|This Is the Way to Do It|
|It's Getting Nice and Clean|
We ended our stay in Tucson with a quick visit to Saguaro National Park. We discovered that Saguaro is really an urban park, despite its mountain location, because of its proximity to Tucson. The park was surprisingly crowded.
Saguaro National Park preserves a large concentration of the giant cactus that is the symbol of the West. The saguaro has been called the monarch of the Sonoran Desert and is truly a plant with personality. One of the favorite activities at the park is observing the odd shapes of the cactus and assigning human attributes to it.
|A Forest of Saguaros|
|Other Cactus Are Also Here|
|Odd Shapes Are Common|
|This One May Be Almost 200 Years Old|
|Even the Dead Ones Are Interesting|
|Small Purple Wildflowers Are Hiding Among the Cactus|
Tim and I had planned to explore the park so we turned onto the loop road that winds its way through a dense saguaro forest. As soon as we made the turn, we realized that the road was unpaved. Now what should we do? We weren’t really concerned that the RV would have a problem negotiating the road. Our concern, I am ashamed to admit, is that we had just paid to have the RV washed! We didn’t want to get it dusty and dirty! So, we backed up and headed down a paved road. We didn’t get to see much of the park that way, but the RV is still clean. I know we’ll be back sometime and will take the drive, and a hike or two, in a rental car.
|A New Favorite Place to Ride?|
The drive west from Tucson was much more scenic than our drive through New Mexico earlier this week. The landscape is more rugged with mountains much closer to the highway. Saguaros dotted the desert for quite a ways out of Tucson. As we passed the town of Gila Bend, we were surprised to see bright green fields of alfalfa. The rich color was such a contrast to the harsh desert environment.
Even more surprising were the farms we spotted next. A new kind of farm is cropping up in southern Arizona – a solar farm. Two solar companies have plants under construction here, and it is possible that Gila Bend may become the solar capital of the world. The solar installations that we saw were actually quite stunning.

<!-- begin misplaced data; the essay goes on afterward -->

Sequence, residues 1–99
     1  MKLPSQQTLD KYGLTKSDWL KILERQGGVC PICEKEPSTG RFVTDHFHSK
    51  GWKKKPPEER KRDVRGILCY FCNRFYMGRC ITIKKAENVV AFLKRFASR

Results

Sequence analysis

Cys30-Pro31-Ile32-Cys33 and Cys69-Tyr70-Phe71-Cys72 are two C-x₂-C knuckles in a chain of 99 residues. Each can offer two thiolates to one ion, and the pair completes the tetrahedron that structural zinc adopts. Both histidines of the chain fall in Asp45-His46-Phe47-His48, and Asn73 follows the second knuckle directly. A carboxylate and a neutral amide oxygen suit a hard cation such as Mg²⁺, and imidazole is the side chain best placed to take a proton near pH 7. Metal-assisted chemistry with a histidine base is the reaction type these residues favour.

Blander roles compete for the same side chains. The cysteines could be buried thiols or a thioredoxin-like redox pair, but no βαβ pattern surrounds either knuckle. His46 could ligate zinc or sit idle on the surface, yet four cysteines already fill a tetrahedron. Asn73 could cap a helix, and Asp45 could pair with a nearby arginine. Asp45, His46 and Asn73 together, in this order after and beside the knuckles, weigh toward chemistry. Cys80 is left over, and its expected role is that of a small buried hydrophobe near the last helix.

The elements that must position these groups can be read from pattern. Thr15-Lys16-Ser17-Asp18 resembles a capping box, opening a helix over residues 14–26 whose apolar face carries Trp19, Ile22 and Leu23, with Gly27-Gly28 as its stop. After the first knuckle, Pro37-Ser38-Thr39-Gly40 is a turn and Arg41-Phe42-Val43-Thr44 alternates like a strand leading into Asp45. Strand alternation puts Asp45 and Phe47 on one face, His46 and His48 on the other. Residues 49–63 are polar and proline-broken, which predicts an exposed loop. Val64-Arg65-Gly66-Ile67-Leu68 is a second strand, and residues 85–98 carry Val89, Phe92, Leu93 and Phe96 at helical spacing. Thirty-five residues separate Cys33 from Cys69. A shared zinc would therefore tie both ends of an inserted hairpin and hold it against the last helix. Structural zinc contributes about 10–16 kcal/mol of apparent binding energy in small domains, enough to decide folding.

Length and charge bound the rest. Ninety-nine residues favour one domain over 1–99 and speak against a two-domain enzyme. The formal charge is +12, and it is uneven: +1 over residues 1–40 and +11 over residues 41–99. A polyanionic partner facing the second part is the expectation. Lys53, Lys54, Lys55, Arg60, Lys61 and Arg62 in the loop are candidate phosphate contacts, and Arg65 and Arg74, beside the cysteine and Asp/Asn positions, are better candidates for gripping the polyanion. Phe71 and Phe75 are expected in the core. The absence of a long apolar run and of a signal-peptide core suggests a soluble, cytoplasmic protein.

|A Solar Farm|
We arrived in Yuma late this afternoon and spent the evening with Jeanie and Ron, friends of Tim who worked with him at Glen Canyon National Recreation Area. Jeannie and Ron are fulltime Rvers and spend their winters in Yuma and summers in Utah. They treated us to drinks and dinner and then gave us a tour of the Foothills community where they live.
It is an entirely different world here in Yuma, especially in the winter when the population more than doubles. The Foothills at first glance appears to be your typical, nice suburban community with paved streets and regularly spaced lots. When you look closely, however, you notice that many of the blocks are designed for RVs, not houses. It was a unique concept for us to see and is so completely different than even the most upscale RV resort.
There is also quite a sense of community in the Foothills. Jeanie and Ron introduced us to a group of Alberta “hillbillies,” as they like to call themselves. Many of the snowbirds who winter here are from Canada. We really enjoyed our evening and are happy that we could spend a bit of time with old friends.